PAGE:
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Lochner, Louis P. (ed.) / Wisconsin alumni magazine
Volume 12, Number 3 (Dec. 1910)

Pease, Lynn S.
What can the alumni do?,   pp. [112]-116


Page 114


           WHAT CAN THE ALUMNI DO?
                      By LYNN S. PEASE, '86
Address at the Annual Banquet of the Alumni Teachers' Club, November 24,
1910
work. of reorganiz-
  the Alumni Asso-
tion  is progressing
rapidly as can rea-
iably  be  expected.
e enthusiasm of the
           alumni  is  increasing
every day and the belief is rapidly
growing that the alumni can ren-
der most valuable assistance to the
university, that there should be no
delay, and the alumni must do
their full duty and undertake and
accomplish the great work which
we are now beginning to see lies
in front of them.
  The membership in our associa-
tion has now passed the 2,000 mark
and it is growing every day. The
visiting and other committees are
rapidly  organizing  their  work.
Plans are being formulated for re-
unions next June of all the classes
whose years end in 1 or 6. TuE
ALuMNI 1MAGAZINE is winning com-
mendation   from  every  quarter.
You will soon hear from the com-
mittee  on  permanent   secretary.
The executive committee of the as-
sociation has held two sessions at
Madison and the third session will
be held there on December 6th, and
plans are now being formulated
for a grand reunion of all alumni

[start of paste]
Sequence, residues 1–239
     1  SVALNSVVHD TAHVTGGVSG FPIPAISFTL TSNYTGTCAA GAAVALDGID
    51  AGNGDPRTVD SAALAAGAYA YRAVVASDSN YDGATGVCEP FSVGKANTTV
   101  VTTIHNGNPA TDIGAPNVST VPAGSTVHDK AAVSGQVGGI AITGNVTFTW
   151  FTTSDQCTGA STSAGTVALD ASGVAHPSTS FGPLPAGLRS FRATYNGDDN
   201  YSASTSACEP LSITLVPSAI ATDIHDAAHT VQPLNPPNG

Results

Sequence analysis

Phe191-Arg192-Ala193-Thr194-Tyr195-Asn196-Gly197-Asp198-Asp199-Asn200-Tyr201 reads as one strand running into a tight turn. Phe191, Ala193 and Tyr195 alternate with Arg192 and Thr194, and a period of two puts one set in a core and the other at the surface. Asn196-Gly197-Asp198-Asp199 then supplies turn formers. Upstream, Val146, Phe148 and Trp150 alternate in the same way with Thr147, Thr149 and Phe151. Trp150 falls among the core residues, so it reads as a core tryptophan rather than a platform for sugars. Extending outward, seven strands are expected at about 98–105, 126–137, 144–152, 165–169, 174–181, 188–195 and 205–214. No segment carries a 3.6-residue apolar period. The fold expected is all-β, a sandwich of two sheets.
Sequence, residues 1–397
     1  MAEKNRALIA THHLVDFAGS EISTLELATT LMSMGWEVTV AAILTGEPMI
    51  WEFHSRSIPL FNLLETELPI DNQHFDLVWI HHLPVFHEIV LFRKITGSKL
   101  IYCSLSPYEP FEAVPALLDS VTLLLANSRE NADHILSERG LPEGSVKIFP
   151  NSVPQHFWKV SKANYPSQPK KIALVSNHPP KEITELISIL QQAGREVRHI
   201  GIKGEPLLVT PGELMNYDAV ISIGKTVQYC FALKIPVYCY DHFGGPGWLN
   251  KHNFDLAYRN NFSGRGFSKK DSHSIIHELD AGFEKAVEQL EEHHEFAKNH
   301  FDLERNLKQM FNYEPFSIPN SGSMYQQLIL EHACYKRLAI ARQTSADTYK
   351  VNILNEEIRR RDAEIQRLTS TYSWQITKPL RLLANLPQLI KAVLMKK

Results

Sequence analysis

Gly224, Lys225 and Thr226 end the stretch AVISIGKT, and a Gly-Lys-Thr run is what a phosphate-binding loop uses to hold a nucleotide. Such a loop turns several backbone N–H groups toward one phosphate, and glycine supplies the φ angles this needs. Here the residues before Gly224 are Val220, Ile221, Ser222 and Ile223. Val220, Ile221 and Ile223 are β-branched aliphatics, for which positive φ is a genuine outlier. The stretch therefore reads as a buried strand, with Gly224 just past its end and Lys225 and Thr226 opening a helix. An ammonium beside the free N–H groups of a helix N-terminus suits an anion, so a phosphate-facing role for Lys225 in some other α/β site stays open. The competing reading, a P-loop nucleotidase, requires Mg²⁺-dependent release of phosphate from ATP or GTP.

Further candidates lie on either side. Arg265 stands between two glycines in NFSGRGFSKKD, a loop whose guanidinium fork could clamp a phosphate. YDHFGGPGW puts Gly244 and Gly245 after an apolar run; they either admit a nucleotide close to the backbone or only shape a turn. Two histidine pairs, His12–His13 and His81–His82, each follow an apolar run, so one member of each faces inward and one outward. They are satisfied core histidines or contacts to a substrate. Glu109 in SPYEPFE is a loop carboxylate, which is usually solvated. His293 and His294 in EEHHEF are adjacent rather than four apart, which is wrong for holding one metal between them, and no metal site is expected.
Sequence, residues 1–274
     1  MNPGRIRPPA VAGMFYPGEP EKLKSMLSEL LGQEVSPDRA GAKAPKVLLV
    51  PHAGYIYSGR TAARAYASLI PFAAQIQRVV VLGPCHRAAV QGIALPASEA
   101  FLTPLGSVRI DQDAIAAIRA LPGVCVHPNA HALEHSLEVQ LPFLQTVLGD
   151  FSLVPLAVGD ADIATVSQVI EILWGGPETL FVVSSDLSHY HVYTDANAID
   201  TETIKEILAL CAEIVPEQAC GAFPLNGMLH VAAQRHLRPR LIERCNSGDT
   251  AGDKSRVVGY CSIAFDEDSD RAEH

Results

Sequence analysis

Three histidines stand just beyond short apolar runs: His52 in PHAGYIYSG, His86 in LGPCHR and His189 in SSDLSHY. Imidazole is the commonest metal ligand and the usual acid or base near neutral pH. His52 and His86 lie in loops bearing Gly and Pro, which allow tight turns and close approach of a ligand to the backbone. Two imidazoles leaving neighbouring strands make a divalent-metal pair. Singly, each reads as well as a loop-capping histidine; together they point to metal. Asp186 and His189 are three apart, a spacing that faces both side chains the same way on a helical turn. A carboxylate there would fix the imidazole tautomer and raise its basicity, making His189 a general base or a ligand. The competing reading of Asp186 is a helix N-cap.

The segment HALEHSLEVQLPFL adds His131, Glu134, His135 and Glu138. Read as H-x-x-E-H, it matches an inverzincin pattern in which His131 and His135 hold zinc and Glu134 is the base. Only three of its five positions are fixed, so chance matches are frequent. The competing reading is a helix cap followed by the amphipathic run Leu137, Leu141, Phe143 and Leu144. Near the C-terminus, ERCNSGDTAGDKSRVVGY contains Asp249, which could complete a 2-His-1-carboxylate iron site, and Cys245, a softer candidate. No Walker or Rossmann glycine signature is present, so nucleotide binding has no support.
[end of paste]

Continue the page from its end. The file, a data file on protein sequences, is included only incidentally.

for  Commencement    Week    next
June. According to present indi-
cations, the attendance will exceed
2,000 alumni.
  Work is progressing along num-
erous other lines which I must not
take time to enumerate.
  But, alumni reunions, dances,
dinners and other such enjoyable
events, the maintenance of TiHE
ALUMNI MAGAZINE, and the work
of the visiting committees are in
the final analysis simply parts of
the necessary machinery in the
great work to be undertaken and
accomplished by the Alumni As-
sociation. The machinery will be
worthless as an aid to the univer-
sity unless it helps to secure indi-
vidual work by each and every
alumnus.
  The University of Wisconsin is
a wonderful institution. I doubt
if any of us really comprehend the
magnitude of its work. It was
casually stated at a late meeting of
alumni that the college of agricul-
ture had added ten million dollars
a year to the income of the state
from its corn fields.
  Now, let us add a few million
dollars more per year increased -in-.
come to the state from the Bab-
cock tester. Then drop in a few
million dollars more to the account
of oats and barley. Just to make
good measure throw in a million or
two more on account of blooded
stock. And even then we have
touched only a small portion of
the results of the work of only one


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